NUEVO PROGRESO, Mexico – If you’re planning to spend spring break in Mexico, there are travel warnings out from Washington.

Federal authorities are urging you not to visit certain parts of the country.

Despite the State Department’s travel alerts, some people are choosing to spend their spring break at the Mexican border. They say it’s not as dangerous as others might think.

Nuevo Progreso, Mexico is a small town just across the border from the Texas Rio Grande Valley. People there rely heavily on what they call “winter Texans”; retired Americans and Canadians who chose to spend this time of the year basking under the warm Mexican sunshine.

It costs just a few cents for you to walk from Progreso, Texas to Nuevo Progreso, Mexico.

Once there, you’re greeted by a slew of vendors trying to get you to shell out cash for anything imaginable.

KENS 5 even found a "collection box" for the border wall, all in good humor.

People say they often come here for the food, the drinks, or to see a doctor and buy cheap prescription drugs.

One of the things Lloyd Fisher likes to get done in Nuevo Progreso is polishing his shoes. He always has a good excuse for it:

"I just bring my wife. She likes to spend money,” said Fisher, jokingly.

The idea that an American can enjoy visiting this part of Mexico might be difficult to understand for some, but Lloyd said he’s used to it.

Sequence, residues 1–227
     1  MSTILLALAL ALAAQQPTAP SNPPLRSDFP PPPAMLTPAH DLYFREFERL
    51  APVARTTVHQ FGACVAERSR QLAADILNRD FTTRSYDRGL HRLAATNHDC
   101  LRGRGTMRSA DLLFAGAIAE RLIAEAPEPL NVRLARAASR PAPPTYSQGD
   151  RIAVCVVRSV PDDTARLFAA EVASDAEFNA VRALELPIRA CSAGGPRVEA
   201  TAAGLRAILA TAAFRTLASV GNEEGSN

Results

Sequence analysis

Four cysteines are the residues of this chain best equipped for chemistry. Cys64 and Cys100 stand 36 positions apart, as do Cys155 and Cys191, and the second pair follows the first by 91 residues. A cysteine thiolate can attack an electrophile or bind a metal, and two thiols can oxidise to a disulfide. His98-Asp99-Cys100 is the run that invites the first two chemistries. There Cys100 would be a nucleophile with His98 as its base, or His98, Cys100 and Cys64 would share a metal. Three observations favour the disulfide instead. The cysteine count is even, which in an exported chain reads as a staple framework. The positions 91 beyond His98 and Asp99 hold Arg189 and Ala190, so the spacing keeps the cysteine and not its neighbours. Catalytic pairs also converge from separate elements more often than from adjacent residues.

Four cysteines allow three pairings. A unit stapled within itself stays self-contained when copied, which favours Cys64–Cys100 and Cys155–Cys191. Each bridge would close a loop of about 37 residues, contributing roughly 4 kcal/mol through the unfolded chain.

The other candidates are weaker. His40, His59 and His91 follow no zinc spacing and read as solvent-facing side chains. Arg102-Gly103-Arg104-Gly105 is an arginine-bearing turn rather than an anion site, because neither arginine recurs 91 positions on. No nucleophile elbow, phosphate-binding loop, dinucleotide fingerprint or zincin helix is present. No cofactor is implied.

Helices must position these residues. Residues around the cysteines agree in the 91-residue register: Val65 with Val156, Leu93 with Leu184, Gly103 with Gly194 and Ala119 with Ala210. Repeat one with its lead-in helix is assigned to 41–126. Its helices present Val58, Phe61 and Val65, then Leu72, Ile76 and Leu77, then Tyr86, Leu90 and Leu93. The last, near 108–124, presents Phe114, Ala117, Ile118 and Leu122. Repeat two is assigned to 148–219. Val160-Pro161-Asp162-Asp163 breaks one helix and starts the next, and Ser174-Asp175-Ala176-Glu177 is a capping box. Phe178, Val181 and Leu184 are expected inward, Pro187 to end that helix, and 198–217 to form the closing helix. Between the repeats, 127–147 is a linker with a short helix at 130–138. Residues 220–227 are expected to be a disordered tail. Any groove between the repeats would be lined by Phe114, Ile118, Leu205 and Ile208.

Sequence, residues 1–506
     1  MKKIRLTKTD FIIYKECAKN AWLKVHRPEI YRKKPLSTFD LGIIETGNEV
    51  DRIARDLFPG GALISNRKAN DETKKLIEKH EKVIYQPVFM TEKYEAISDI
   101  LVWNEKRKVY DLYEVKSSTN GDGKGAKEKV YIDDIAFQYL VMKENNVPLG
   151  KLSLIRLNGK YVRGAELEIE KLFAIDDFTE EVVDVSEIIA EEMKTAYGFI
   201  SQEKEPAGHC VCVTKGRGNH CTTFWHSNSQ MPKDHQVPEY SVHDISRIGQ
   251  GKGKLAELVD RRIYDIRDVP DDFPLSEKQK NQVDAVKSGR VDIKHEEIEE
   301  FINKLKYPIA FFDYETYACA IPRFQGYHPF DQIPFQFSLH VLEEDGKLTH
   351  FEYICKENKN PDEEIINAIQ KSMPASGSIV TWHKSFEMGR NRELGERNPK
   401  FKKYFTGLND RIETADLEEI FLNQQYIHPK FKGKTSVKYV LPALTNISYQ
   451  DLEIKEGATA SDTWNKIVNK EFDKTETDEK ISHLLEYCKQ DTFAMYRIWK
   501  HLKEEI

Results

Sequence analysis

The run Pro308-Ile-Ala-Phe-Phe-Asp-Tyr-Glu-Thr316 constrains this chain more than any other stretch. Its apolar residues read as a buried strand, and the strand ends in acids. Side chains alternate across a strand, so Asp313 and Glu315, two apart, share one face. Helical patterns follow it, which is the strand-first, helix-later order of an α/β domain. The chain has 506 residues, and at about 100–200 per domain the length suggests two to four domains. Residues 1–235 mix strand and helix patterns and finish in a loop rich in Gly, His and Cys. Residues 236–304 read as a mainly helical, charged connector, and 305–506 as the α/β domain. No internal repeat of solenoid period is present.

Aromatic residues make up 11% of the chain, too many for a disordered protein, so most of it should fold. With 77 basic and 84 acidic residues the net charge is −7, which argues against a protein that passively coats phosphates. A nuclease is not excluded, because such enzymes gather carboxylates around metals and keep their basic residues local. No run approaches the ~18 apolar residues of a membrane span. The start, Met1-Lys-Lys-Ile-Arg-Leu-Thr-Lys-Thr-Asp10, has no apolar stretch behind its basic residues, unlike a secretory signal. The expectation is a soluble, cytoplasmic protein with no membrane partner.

“The stories and rumors, that’s what scares people away,” he said.

That’s not to say that the Mexican border is not dangerous. Drug cartels and other criminal groups still operate on the border. In fact, the U.S. State Department has travel warnings for about half of all Mexican states, including some of the popular spring break destinations, like Cabo San Lucas and Acapulco.

“We don’t have any fear. If I were to go anywhere else I would have fear. But not in [Nuevo] Progreso,” said Canadian native Debbie Ebel as she drank a beer at a table with a dozen other Canadians on the side of the road.

The Canadians in this group said they’ve visited Nuevo Progreso for nearly 20 years.

They’re not afraid to show the world how to have a good time in Mexico.

“All of the negative reporting and the fear reporting and I guess there is something to some of it, but maybe too much,” said Dan Baird, also a Canadian.

The key is to know when and where to plan a safe trip.

For a full list of Mexican states with travel warning, visit the State Department's website.